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Jewish World Review
June 26, 2009
/ 4 Tamuz 5769
Ninety-seven and independent 'til the end
I was certain my father-in-law would make it onto the Today Show with Willard Scott and the Smucker's jam jar. I was wrong.
He has died at the age of 97. Or "97 and three-quarters" as he was quick to point out.
He still lived alone in the old house where he had grown up on 20 acres that has been in the family for a century. He enjoyed a Bloody Mary, ate fast food and drove a convertible he bought at age 86.
He had a razor-sharp mind and took a wealth of facts, figures and temperature highs and lows with him to the grave. He was a favorite of the local historical societies.
His one acquiescence to old age came last fall when he consented to allowing a housekeeping service to come every other week. The service came once and he told them not to come back.
Living 97 and three-quarters years is a two-edged sword. He enjoyed a long life, but outlived his wife of 48 years, all 11 of his brothers and sisters, and nearly all of his cousins, high school classmates and members of his retirees' group. We all assumed he'd probably outlive us as well. He'd be like Methuselah in the Bible, celebrating his 100th and pushing on to 500.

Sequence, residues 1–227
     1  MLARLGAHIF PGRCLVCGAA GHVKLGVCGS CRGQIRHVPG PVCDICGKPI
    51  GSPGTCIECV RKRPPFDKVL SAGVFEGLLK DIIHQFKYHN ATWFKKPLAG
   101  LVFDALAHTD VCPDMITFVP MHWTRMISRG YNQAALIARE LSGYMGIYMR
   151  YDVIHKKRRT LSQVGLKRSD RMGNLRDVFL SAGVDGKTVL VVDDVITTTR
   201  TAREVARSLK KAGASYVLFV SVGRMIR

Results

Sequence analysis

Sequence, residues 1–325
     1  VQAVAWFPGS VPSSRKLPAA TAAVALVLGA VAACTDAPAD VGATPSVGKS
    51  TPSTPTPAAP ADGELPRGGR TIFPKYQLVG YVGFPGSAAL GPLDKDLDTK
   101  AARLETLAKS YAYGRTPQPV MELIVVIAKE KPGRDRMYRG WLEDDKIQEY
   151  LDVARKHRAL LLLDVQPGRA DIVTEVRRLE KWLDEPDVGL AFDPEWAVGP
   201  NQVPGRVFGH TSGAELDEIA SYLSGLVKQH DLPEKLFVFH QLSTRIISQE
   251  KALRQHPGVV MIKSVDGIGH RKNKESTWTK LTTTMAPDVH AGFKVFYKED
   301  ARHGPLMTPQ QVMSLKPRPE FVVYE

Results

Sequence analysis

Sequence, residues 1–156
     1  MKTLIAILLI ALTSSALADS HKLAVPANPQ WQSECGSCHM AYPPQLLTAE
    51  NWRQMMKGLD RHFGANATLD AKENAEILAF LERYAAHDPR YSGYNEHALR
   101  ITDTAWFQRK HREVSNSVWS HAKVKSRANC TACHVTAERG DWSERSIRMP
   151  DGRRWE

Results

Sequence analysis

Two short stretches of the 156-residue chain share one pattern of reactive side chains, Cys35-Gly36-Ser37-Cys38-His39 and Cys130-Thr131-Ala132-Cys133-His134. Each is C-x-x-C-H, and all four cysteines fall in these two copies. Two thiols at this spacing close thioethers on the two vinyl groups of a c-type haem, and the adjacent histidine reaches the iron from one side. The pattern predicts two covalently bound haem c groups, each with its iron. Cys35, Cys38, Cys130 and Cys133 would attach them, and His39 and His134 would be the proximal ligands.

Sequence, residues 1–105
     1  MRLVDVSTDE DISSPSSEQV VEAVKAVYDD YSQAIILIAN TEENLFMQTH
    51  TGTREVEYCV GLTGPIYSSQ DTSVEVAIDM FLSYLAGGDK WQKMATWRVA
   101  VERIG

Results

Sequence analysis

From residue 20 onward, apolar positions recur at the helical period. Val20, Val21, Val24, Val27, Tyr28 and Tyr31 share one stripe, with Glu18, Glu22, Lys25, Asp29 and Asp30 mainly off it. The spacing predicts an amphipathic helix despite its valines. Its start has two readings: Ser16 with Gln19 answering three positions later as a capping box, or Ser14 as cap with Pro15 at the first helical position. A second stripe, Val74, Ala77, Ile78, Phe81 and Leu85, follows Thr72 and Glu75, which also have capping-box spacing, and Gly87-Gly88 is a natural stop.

He became a father later in life and cherished his children. He lived for phone calls and visits from his son and daughter.
Most everyone calls my husband Charlie, but my father-in-law has always called him Chuck. Whenever we crossed the state line into Ohio, we joked that the rest of us immediately lost our identities. We became Chuck's family. I was Chuck's wife and the three children were Chuck's kids. My father-in-law was old school; we were Chuck's appendages and we thoroughly enjoyed it.
He was a storyteller who perfected the art of the dramatic pause and had a way with words. He called the air "close" on humid days and often remarked that something was "boo-ti-ful, just boo-ti-ful."
A few months ago, he roughed out a lengthy list of information he wanted in his obituary on a piece of cardstock and tucked it into his journal. At the top he wrote, "I hate stingy obits!" and underlined it with a wavy blue line. Chuck and Chuck's sister had been instructed to make sure the obit was of good length and pay no regard to the cost.
The old suitcase he used to carry on visits to our house now sits in our front hall. The cell phone we gave him for his 95th birthday rests on the kitchen counter.
He was the oldest of our four parents and yet he lived the longest. They are all gone now. A heavy door on well-oiled hinges has swung shut with a resounding thud. Another generation has passed.
We now become the ones who will answer the questions about home mortgages, stuffing turkeys, colicky babies and buying tires. We are the ones who will keep the family stories alive and perfect the dramatic pause.
The umpire has swept home plate, lowered his mask and yelled, "Play ball."
If we handle ourselves well, perhaps we can make something boo-ti-ful.
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© 2009, Lori Borgman
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